Day after day, The Maury Show dispels the neo-gnostic myths of arbitrary parenthood and inconsequential sex. Most episodes revolve around the basic premise—now all but taboo in less plebeian modes of broadcasting—that biological fatherhood matters. Paternity tests provide the show with its signature moment of dramatic tension, but they also reinforce a consistent moral lesson. Though an occasional Chris will play the heel and dissent, most of Maury’s guests presume that a positive test bears permanent financial and emotional commitments. One recent episode confirmed the paternity of a young man whose girlfriend had grabbed their baby and eloped with an older woman. Maury offered no commentary on same-sex relationships, but he did convince all parties that the biological father should be present in the child’s life. In Maury’s world, “You are the father!” is still a coherent and consequential proposition.

Maury’s guests are not the sort of folks generally allowed to talk about sex on television. As a group, they represent the defiant nightmares of modern social engineering: poor, overweight, under-educated, incredibly fecund. They clearly find latex a laughable intervention in the mechanics of male-female intimacy (Maury, perhaps for his own job security but perhaps for deeper reasons, never counsels contraception). They have likely ignored strong incentives to terminate their pregnancies. For all this, they are hardly heroes. They lead dissolute lives, shaped by social codes so senseless that a daytime TV host seems their most reasonable hope for decency. The Maury Show reveals the havoc that trickle-down sexual liberation has wreaked in the working classes, but it also provides glimpses of the sound moral instinct that can linger on in spite of—or rather because of—a lack of academic and professional conditioning. Though he too is guilty of exploiting his guests’ misfortunes—his hefty salary is paid, after all, by those predatory lawyers and loan sharks—Maury devotes an hour each day to reminding us that sex is a fact of life for unimpressive people, rather than a mystery cult for celebrities, pornographers, and lifestyle enthusiasts.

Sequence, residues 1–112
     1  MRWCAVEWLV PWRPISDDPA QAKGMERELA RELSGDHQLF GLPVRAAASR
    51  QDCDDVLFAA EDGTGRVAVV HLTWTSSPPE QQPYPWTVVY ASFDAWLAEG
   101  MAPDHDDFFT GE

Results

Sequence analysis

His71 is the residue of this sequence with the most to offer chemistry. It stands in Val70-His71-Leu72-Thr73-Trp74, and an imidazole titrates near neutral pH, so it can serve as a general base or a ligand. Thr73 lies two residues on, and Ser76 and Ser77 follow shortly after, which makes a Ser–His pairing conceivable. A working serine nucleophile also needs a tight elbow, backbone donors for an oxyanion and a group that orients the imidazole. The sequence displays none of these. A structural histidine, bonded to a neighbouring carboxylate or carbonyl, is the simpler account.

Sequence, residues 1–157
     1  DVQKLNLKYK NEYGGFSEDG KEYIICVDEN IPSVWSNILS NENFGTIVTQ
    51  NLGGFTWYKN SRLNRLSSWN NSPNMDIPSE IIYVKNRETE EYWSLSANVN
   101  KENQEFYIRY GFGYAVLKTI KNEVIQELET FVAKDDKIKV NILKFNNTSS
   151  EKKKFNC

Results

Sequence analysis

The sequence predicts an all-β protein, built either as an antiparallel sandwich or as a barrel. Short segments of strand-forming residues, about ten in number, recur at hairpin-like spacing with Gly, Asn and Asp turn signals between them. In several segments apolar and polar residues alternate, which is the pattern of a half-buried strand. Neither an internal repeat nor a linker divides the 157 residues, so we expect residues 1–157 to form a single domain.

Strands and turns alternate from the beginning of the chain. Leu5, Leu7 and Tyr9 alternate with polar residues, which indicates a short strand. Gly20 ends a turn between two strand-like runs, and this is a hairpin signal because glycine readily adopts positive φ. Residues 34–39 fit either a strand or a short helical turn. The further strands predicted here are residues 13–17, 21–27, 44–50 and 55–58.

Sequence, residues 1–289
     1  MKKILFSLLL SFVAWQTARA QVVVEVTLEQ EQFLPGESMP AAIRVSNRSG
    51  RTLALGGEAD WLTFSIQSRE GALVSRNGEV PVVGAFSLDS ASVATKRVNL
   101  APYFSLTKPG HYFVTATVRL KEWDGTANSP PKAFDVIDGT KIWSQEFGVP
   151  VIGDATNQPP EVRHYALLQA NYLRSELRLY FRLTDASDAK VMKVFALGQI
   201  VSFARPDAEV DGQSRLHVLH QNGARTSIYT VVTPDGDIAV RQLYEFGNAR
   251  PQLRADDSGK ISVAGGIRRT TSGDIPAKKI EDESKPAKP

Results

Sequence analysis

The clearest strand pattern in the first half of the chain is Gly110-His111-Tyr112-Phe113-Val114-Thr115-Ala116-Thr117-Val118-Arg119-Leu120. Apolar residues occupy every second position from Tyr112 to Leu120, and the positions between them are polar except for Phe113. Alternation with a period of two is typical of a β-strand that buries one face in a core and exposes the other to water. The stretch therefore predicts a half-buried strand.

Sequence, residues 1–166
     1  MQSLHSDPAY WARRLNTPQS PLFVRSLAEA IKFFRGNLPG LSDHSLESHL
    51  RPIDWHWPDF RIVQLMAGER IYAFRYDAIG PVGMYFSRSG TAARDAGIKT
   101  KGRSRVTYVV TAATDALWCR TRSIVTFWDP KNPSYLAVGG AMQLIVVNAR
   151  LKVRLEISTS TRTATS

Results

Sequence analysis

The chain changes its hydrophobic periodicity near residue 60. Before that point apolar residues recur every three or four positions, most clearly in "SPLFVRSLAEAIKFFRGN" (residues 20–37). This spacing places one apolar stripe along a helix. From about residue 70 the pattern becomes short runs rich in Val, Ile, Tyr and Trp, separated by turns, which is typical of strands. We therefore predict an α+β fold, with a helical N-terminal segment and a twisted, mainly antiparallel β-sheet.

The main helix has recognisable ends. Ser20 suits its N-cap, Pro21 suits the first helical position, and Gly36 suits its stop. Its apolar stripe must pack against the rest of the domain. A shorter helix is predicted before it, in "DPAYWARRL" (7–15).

Christian morality often finds its most reliable supports not in the orderly ambitions of the bourgeoisie but in the crude intuitions of the unsophisticated. Like the raunchy but life-affirming comedies of Judd Apatow, Maury makes it clear that traditional sexual mores ring truer than the aseptic pieties of therapeutic relationships. They also create more human interest. If you’d rather hear about celebrity catering from wedding “experts” on Good Morning America than watch Maury lay to rest an older wife’s suspicions about her cement-trucker husband, then your sense of entertainment and your moral compass may both require recalibration. The Maury Show is indeed a guilty pleasure. But perhaps the compunction that attends our viewing has less to do with the show’s discredited genre than with the sense of guilt now imposed on anyone sympathetic to sexual realism. Maury is, above all else, a shrewd businessman, and he knows you’re out there—millions and millions of you, who in the privacy of your own homes find it refreshing to see the dynamics of procreation and family life demystified on mainstream television. You know who you are.

Drew Denton is a doctoral candidate in church history at Emory University.